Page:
To receive an unexpected meeting request from the IRS is not a good sign for most people.

As a business owner, it is important for you to keep meticulous records of your expenses, your P&L reports and your income statements and any other information that will need to be reported to the IRS at the end of the fiscal year.

If you travel for your business, it is also imperative that you are scrupulous when it comes to reporting the number of miles you travel back and forth. Manual recordkeeping of this activity can easily become distorted when you lose track of some of the trips that are all needed for keeping a complete mileage log.

One of the principal things you will want to do to keep your mileage log correctly is to be confident that the mileage distance you are recording is absolute and error-free. You may not be able to achieve this goal if you are recording this activity manually. The number of miles that you record needs to match up with your yearly odometer readings and your business activities before you are turning this information into the IRS or your organization for reimbursement.

One of the things that can greatly assist you is an app that will accurately record the number of miles you are traveling back and forth every time you need to make a business trip. This app can be downloaded on any of your smartphones, and it will run seamlessly in the background, while accurately tracking your actual route. The app effectively tracks your driving activity and will allow you to flawlessly obtain the highest, accurate reimbursement of miles that you have driven between stops.

If you are not careful, your mileage log can become easily lost especially when you may have jotted your trips down on random pieces of paper because you were in a hurry or get distracted. Now you have put yourself, in the middle of a guessing game, where you have either overestimated/underestimated your miles. If you are an honest person and since this information needs to be shown to your accountant and possibly the IRS in the case of an audit, then you will probably play it safe and underestimate your mileage.

One of the nice enhancements about these apps is the fact that they are current with the standard mileage rate that the IRS has published for deduction. Therefore, you do not have to worry about overestimating your expenses and having your calculations differ from that of the IRS. We all know that the federal government has set in place very rigid guidelines regarding the record keeping of your mileage log. When you capture this information on the IRS form, you have to know what items are going to be counted for reimbursement and what items are insignificant. You must be sure that you are not mixing a computation related to a business venture with a personal road trip. These apps do the math for you automatically.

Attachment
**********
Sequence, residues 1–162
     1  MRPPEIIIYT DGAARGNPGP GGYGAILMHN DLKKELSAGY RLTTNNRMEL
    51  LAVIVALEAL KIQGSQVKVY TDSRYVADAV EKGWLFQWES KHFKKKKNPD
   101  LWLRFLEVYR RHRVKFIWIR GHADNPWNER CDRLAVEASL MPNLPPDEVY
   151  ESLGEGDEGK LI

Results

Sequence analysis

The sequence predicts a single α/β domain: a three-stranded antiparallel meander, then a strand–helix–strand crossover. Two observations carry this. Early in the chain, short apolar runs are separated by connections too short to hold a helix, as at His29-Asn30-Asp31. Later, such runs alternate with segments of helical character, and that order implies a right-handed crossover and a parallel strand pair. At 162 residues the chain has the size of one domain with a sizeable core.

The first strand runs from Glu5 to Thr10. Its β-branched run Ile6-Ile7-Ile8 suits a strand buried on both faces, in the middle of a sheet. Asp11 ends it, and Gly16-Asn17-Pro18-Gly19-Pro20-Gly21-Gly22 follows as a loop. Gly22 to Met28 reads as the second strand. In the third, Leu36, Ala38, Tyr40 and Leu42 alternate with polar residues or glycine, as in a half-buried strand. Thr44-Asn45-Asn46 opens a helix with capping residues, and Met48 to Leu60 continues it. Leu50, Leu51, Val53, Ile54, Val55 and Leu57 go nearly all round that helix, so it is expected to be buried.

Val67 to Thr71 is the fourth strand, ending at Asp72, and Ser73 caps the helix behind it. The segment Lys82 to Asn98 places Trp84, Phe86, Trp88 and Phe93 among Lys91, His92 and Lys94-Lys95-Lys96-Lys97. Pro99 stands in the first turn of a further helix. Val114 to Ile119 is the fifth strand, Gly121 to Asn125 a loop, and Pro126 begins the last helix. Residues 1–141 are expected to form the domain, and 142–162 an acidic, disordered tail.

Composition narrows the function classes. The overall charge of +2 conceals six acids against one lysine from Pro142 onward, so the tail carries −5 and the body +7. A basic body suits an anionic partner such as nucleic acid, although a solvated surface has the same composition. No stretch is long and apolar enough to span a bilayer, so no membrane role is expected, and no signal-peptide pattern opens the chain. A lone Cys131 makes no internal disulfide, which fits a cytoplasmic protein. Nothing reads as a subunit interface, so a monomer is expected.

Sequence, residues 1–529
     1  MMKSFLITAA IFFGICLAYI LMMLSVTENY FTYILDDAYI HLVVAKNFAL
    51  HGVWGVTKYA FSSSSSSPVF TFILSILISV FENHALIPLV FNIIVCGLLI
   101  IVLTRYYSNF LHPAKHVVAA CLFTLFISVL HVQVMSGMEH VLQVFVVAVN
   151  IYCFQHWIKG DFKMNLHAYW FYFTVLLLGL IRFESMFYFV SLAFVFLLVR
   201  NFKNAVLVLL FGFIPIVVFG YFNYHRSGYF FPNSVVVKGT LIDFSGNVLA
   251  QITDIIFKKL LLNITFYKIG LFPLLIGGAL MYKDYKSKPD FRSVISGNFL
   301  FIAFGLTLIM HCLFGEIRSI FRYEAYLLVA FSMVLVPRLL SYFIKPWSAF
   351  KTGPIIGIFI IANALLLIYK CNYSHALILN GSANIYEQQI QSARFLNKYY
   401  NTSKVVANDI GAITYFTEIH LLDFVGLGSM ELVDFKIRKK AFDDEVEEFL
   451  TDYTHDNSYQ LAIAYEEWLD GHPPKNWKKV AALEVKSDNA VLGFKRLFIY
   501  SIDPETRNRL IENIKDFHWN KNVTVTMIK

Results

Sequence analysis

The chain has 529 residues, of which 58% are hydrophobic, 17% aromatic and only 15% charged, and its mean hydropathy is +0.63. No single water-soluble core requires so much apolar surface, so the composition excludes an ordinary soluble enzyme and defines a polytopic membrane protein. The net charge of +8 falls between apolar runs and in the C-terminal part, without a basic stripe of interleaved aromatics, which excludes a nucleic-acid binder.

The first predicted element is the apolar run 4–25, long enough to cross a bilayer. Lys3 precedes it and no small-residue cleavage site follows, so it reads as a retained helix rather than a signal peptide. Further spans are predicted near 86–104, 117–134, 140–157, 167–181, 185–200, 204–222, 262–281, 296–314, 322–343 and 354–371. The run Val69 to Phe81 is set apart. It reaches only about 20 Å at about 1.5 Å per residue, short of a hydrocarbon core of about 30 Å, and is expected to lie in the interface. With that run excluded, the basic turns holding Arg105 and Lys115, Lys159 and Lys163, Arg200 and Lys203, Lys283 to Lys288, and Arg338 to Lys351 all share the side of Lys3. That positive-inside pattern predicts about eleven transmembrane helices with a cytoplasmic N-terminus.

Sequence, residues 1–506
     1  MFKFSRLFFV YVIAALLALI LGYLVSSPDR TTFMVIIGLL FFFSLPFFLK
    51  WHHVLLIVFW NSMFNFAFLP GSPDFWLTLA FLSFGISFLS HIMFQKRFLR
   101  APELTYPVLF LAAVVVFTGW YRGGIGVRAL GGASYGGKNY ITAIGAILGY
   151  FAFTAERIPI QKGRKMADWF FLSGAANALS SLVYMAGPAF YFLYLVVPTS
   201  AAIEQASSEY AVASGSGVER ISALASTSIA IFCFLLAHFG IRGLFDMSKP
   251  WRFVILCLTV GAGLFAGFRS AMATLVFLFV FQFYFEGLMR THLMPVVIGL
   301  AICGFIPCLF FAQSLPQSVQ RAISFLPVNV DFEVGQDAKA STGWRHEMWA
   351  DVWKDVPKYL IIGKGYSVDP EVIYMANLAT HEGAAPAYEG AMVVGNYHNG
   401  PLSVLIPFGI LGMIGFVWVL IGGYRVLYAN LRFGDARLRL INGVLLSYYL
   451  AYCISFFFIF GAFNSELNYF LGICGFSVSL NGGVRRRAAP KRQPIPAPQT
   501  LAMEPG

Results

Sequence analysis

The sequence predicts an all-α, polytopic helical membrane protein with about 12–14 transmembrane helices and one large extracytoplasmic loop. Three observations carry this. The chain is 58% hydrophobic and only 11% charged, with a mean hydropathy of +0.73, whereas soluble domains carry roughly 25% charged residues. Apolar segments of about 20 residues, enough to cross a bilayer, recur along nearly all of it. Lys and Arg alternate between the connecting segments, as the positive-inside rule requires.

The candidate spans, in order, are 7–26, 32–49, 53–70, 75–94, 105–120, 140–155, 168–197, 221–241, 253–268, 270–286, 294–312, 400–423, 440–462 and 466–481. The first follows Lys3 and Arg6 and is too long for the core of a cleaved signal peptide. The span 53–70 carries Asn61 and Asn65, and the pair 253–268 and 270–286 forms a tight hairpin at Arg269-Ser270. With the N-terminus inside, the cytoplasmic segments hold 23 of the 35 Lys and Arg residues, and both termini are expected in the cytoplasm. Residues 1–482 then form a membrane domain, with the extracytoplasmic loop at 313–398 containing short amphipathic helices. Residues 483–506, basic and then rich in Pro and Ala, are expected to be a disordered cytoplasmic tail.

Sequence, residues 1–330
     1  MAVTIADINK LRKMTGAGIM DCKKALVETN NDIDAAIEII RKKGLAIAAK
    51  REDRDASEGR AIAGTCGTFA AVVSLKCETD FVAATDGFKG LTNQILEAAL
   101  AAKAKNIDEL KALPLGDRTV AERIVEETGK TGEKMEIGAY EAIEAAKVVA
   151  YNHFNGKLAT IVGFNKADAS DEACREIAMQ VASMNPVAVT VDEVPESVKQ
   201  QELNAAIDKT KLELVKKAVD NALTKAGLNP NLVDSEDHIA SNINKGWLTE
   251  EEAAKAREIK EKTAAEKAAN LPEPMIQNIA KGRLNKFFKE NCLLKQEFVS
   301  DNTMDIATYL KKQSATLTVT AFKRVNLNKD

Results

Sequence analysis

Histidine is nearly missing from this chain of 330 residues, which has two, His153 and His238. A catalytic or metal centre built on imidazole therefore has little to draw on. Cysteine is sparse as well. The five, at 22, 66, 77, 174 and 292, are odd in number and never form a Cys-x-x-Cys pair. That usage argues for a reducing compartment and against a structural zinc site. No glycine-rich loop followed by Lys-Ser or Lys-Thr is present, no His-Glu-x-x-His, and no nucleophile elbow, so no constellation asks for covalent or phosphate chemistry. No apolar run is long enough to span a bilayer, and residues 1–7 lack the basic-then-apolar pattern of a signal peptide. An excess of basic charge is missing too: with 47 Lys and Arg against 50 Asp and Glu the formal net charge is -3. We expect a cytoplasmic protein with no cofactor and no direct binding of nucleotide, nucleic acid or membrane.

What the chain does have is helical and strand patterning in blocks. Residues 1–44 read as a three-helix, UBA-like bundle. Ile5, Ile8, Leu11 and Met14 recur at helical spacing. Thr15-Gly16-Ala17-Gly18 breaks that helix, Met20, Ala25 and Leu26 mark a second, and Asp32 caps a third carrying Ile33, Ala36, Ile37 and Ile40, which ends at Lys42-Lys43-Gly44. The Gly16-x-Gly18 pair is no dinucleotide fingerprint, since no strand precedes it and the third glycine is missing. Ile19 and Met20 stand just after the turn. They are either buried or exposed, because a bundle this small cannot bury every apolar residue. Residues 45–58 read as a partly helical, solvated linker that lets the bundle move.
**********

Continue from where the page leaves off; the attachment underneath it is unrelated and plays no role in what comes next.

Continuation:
For instance, speaking to a client on the phone when you are in route to the grocery store is not to be considered a business trip, even though the business might be the topic of your conversation. However, there is one minor nuisance to using a tracker app and that is the fact that they have a tendency to drain your battery when they are in use. So, with that said, it is a good idea if you drive a lot to use a cheap USB car charger. Just 30 minutes charging in the car can bring back battery to 100%.

Keep in mind that it is best not to be sitting across the desk of an IRS auditor trying to explain why the reimbursements you received for your mileage has far exceeded the amount that it should have been. It is much better to play it safe when it comes to your mileage and allow a tracker app to accurately calculate the distance you are driving between your business locations.

Frederick W. Daily, J.D, LL. M (tax)

Frederick W. Daily, J.D, LL. M (tax)

Fred Daily is a tax attorney with over four decades of experience in the tax field. He has given tax programs for CPAs, Enrolled Agents and even the IRS. Fred has been quoted in the New York Times, Wall Street Journal, and has appeared on CBS, NBC, Fox, NPR news features and ABC’s Good Morning America. He is an author of books on taxes and his website, features a wealth of tax tips for minimizing taxes and dealing with IRS issues.